During the snowstorm that devastated Abilene last month, the Bean provided a place for the community to stay, hang out, eat and drink clean water.
“To me it seems fairly simple. We’ve got an agreement to open and run a service for the university, regardless of what happens, David Casida, director of dining services, said. “So once we knew weather reports coming in, we started planning behind the scenes both here and regionally for support and started looking at transportation and menus and supplies that we might need to get in before the storm hit. We didn’t know if we’re going to have power or not. So we just opened and we tried to serve the best we could.”
While the Bean never lost power, the water supply was reduced when the boil water notice was imposed.
“We quickly readjusted out menus and then started gathering as much fresh water as we could. We’ve got large vessels that we can store several hundred gallons in and use that sparingly to set up temporary hand-washing stations, hot potable water and to wash all the pots and pans,” Casida said. “It’s challenging, but we worked through it.”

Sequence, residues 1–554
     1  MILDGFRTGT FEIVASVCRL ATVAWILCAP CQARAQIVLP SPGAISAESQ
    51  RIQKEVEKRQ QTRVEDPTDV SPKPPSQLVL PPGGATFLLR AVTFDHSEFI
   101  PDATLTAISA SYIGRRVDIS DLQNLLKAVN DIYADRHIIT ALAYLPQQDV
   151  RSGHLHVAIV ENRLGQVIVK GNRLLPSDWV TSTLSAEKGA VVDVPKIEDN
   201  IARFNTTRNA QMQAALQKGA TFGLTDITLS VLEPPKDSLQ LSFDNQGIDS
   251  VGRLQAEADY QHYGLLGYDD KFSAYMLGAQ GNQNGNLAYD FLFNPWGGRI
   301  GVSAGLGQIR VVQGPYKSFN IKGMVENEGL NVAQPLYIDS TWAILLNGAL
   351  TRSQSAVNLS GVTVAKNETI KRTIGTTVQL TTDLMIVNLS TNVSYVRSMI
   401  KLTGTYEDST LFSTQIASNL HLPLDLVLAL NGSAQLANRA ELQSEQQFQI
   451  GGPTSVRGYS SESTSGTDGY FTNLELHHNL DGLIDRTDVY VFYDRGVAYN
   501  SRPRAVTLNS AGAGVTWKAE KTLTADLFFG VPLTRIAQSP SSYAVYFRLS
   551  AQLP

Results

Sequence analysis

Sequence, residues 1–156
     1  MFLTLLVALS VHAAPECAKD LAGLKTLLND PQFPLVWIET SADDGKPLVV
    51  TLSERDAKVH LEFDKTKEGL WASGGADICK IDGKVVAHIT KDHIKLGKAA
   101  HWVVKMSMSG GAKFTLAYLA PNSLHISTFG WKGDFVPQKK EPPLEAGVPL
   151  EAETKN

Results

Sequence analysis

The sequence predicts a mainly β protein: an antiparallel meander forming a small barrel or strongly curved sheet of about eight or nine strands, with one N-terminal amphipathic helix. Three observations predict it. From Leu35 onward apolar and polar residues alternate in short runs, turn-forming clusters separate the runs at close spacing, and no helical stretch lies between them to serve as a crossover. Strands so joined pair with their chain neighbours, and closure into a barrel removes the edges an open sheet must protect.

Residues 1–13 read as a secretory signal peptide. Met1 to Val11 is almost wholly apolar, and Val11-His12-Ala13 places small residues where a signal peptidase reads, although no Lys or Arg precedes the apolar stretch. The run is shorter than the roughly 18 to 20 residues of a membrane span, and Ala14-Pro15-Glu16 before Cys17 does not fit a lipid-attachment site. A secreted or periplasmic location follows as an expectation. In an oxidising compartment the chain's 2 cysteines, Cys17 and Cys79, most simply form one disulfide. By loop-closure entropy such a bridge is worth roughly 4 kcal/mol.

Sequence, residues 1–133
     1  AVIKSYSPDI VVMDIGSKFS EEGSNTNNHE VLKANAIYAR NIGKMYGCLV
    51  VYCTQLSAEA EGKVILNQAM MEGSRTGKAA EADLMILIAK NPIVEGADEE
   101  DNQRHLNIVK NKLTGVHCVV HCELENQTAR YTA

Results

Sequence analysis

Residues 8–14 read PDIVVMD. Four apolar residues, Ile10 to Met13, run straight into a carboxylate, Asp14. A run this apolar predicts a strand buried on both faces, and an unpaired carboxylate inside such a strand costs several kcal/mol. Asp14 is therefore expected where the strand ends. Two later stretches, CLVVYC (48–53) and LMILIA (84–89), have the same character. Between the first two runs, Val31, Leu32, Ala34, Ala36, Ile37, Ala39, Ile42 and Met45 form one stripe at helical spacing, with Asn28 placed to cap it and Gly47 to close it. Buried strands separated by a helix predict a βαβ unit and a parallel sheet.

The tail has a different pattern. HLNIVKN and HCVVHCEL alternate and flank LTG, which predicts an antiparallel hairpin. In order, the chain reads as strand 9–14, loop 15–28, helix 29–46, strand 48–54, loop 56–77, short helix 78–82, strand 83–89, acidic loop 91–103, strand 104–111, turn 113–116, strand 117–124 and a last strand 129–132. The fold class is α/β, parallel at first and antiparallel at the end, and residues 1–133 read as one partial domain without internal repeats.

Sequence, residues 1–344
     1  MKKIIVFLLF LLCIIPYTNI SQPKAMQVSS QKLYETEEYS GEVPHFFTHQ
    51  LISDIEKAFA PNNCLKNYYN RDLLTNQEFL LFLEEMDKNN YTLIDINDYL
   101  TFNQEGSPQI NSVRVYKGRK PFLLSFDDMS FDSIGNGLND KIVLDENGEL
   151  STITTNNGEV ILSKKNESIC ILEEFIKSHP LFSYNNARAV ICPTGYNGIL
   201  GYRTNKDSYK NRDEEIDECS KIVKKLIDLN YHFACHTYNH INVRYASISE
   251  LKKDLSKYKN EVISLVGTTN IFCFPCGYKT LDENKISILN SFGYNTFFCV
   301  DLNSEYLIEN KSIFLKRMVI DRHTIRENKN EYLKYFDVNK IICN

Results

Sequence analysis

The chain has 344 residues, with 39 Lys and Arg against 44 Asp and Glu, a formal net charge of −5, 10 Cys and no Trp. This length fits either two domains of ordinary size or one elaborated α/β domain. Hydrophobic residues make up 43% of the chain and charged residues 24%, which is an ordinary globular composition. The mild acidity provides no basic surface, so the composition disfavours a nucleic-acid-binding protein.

When students, faculty and surrounding community members lost power, the university opened the Bean to the community as a place to sleep and keep warm.
“We served between three and four hundred visitors a day on top of the student body that we normally serve. Outside of that, we saw a lot of folks just needing a place to come in and get out of the weather,” said Casida.
Due to icy conditions and some staff members needing to stay home with their children, the Bean served the community for nearly a week of without 60-75% of the regular staff.
“I think the leadership and the student body were very gracious and it’s just a very warm environment,” Casida said. “We certainly experienced that our team really felt when someone said thank you, we knew they meant that. It went a long ways to helping us come in, because several of us started at 4:00 in the morning and work until 9:00 or 10:00 at night. So it really gave us an extra boost of energy.”
For some off-campus students, the Bean was the only access to food and clean water they had.
“I was in quarantine when it hit. I had minimal food and water and was supposed to get grocery pickup on Tuesday; however, Walmart canceled my order due to lack of food,” said Megan Paul, graduate student from Wylie. “When I was released from quarantine on Wednesday night, I heard that the Bean provided food and water for off campus students. ACU did a great job providing for the students, and I couldn’t be more thankful. “